The year 1869 marked the beginning of one of the most significant periods of emigration from Cuba to the United States, again centered on Key West. The exodus of hundreds of workers and businessmen was linked to the manufacture of tobacco. The reasons are many: the introduction of more modern techniques of elaboration of snuff, the most direct access to its main market, the United States, the uncertainty about the future of the island, which had suffered years of economic, political and social unrest during the beginning of the Ten Years' War against Spanish rule. It was an exodus of skilled workers, precisely the class in the island that had succeeded in establishing a free labor sector amid a slave economy.

The manufacture of snuff by the Cuban labor force, became the most important source of income for Key West between 1869 and 1900.

Tampa was added to such efforts, with a strong migration of Cubans, which went from 720 inhabitants in 1880 to 5,532 in 1890. However, the second half of the 1890s marked the decline of the Cuban immigrant population, as an important part of it returned to the island to fight for independence. The War accentuated Cuban immigrant integration into American society, whose numbers were significant: more than 12,000 people.[8]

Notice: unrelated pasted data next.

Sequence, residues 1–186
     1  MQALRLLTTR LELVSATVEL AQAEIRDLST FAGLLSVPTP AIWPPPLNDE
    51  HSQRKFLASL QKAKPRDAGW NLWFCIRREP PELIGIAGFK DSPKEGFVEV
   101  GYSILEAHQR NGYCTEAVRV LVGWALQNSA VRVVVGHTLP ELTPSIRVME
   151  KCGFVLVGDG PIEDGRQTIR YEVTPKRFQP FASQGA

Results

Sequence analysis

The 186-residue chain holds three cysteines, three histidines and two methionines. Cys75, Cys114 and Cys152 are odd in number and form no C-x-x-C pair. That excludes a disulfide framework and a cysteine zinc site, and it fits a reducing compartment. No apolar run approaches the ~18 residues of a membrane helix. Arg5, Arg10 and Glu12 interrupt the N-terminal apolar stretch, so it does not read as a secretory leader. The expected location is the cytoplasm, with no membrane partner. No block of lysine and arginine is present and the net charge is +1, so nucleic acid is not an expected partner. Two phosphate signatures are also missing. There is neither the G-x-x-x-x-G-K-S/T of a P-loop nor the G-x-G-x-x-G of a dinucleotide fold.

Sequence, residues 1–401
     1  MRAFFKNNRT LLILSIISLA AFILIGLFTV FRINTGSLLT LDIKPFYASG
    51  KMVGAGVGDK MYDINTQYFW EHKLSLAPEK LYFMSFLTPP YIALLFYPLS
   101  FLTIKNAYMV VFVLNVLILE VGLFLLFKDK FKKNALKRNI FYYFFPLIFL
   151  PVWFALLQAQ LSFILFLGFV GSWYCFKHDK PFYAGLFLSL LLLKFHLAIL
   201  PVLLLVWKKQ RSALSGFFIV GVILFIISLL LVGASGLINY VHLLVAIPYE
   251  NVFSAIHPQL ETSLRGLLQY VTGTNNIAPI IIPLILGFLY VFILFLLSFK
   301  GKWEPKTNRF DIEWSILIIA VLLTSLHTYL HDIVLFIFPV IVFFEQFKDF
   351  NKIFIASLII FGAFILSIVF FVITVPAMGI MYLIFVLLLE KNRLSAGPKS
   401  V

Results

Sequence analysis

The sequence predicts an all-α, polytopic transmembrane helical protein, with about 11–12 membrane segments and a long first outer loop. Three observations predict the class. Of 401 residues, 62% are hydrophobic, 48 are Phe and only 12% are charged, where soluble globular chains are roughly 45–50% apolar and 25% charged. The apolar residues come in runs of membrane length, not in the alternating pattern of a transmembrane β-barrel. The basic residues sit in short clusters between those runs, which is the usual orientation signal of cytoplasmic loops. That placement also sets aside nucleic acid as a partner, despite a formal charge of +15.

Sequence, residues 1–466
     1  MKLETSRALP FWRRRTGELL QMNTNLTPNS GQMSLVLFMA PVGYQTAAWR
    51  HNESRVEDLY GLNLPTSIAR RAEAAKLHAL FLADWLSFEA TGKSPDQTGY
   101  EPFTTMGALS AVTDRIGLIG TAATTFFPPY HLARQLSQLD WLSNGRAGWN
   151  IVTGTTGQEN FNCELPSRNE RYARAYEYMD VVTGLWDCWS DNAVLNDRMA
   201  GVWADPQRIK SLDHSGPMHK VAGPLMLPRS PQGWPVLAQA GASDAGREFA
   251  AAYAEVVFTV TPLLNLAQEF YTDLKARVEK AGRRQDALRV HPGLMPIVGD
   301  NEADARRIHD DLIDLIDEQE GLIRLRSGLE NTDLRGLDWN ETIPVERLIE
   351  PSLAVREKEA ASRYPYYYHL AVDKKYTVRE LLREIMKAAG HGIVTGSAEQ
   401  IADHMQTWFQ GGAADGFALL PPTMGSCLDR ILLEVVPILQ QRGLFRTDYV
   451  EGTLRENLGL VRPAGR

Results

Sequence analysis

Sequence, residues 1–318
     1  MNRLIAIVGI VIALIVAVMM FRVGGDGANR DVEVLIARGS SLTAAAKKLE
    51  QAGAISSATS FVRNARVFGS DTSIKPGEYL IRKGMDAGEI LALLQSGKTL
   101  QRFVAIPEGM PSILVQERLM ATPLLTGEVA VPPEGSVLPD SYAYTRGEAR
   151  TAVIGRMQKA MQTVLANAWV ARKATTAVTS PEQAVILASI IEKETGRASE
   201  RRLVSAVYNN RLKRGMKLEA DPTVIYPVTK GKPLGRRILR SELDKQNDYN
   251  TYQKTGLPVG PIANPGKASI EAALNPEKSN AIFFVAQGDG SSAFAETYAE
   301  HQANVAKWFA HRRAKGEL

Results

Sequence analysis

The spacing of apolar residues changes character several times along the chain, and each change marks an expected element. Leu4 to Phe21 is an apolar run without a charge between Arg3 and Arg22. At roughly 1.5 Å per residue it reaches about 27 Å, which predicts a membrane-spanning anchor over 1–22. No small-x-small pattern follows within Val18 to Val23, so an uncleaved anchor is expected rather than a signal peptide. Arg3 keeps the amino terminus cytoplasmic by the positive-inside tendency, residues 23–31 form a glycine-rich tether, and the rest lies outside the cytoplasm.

Statue of Jose Martí at the Circulo Cubano (Cuban Club), Ybor City

Key West and Tampa, Florida[edit]

In the mid-to late 19th century, several cigar manufacturers moved their operations to Key West to get away from growing disruptions as Cubans sought independence from Spanish colonial rule. Many Cuban cigar workers followed. The Cuban government had even established a grammar school in Key West to help preserve Cuban culture. There, children learned folk songs and patriotic hymns such as "La Bayamesa", the Cuban national anthem.

In 1885, Vicente Martinez Ybor moved his cigar operations from Key West to the town of Tampa, Florida to escape labor strife. Ybor City was designed as a modified company town, and it quickly attracted thousands of Cuban workers from Key West and Cuba. West Tampa, another new cigar manufacturing community, was founded nearby in 1892 and also grew quickly. Between these communities, the Tampa Bay area's Cuban population grew from almost nothing to the largest in Florida in just over a decade, and the city as a whole grew from a village of approximately 1000 residents in 1885 to over 16,000 by 1900.

Both Ybor City and West Tampa were instrumental in Cuba's eventual independence.[9] Inspired by revolutionaries such as Jose Martí, who visited Florida several times, Tampa-area Cubans and their sympathetic neighbors donated money, equipment, and sometimes their lives to the cause of Cuba Libre.[10] After the Spanish-American War, some Cubans returned to their native land, but many chose to stay in the U.S. due to the physical and economic devastation caused by years of fighting on the island.[11]